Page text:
The In-Between Years: 1959-1963 opens with a flowing, sunken drone that swirls around a ghostly, ethereal vocal. They tie themselves together and remain bonded for life, like a lovers’ pact. It’s a truly beautiful start, and it remains a soothing, sedate listen throughout. Dreamsploitation binds the airy tones with the dark romanticism of early teen pop, circa 1959. The cute, love-struck lyrics invoked young love, a fast Harley or two and the heroic tragedy found in the death of a twenty-something. This darker side of love rose to prominence in popular culture, and for many it became something glamorous, rebellious and cool. Maybe the music wasn’t that innocent.
American popular music has naturally changed since the 1950’s – the era and the decade in which it first blossomed. The early, golden age has disappeared, and it’s now largely consigned to the history books and a backlog of old, dusty vinyl records. But its ghost lives on – the phantom voices and the submerged harmonies bring the era back into the faint light of day. Ambient in nature, the music is, at times, forlorn, and drenched in a painful longing. It has a deep need to find love and acceptance. Under its surface, the music almost seems to know that it doesn’t really belong in this era. Tracks such as “In Your Arms, I Don’t Belong” and “The Sadness In The Sunshine” are vintage-rich with classic chord progressions and ultra-soft harmonies that are still very popular today, and they change and revolve slowly.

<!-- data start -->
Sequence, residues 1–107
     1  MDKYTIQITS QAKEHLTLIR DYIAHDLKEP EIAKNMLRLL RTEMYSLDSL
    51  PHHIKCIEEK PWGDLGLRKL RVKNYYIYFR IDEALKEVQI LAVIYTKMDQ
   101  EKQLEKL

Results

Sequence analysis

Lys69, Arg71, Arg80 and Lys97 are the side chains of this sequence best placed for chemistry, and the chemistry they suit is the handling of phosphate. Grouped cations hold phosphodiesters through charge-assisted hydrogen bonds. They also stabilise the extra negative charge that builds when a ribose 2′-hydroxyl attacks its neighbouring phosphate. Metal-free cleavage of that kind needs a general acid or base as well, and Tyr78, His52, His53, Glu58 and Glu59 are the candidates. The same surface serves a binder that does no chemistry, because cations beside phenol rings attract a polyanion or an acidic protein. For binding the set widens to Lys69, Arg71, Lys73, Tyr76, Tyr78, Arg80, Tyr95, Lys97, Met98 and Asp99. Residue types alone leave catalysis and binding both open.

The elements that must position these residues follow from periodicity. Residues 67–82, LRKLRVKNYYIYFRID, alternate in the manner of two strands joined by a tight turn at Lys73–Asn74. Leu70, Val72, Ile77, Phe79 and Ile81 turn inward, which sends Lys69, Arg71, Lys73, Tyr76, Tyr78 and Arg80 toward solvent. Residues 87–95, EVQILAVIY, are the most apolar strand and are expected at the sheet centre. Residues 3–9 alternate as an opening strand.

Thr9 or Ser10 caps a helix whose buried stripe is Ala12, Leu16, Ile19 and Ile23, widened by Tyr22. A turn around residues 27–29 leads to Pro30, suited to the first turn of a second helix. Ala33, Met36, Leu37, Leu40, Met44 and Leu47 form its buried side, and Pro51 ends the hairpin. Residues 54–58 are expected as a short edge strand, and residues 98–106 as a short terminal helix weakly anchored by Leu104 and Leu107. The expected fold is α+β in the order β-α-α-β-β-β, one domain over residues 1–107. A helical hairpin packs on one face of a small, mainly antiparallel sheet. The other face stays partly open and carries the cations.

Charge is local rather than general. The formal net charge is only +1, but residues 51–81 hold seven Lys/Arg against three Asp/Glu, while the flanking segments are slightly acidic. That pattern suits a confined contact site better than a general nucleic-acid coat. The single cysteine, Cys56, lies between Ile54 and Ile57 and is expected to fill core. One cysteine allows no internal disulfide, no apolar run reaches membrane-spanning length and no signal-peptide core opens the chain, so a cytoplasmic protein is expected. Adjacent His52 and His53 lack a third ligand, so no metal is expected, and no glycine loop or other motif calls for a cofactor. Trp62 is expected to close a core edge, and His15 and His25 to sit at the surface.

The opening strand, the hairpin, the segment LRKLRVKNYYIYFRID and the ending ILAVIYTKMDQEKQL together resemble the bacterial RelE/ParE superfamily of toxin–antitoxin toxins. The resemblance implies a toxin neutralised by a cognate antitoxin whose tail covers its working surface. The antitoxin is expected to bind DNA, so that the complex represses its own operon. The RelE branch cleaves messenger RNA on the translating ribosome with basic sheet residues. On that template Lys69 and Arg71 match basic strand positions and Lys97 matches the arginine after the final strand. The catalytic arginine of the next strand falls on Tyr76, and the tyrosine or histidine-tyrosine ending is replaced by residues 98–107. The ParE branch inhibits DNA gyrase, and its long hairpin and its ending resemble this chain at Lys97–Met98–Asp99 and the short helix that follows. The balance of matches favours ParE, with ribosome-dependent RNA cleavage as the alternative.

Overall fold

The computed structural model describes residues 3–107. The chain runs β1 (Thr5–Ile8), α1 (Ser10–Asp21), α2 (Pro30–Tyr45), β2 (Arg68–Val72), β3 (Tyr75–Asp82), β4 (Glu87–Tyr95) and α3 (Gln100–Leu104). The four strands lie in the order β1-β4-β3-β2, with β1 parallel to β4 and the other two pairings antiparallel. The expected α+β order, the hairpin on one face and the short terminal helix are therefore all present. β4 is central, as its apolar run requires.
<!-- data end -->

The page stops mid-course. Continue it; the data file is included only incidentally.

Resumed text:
This music had all the teens in a flutter and a frenzy, the parents much less so. In that period, the lighter, softer genre of rock n’ roll was turfed out by the stronger kid in the playground – rock music. But the popular records sound very different in the hands of Dreamsploitation. They have decayed, the decade has decayed. That’s why the music is so different now. The softer, lipstick kisses of “You Take My Love For Granted” can’t take away the pain that still exists after a girlfriend’s betrayal. And the closer “Guardian Star” has a hauntology feel to it, but it’s lighter than usual; think The Caretaker’s A Stairway To The Stars. They’re the remnants of a teenage dream that has had its heart crushed. The music emerges slowly, and a gentle loop becomes the recurring memory of an era that once was; 1959-1963. (James Catchpole)
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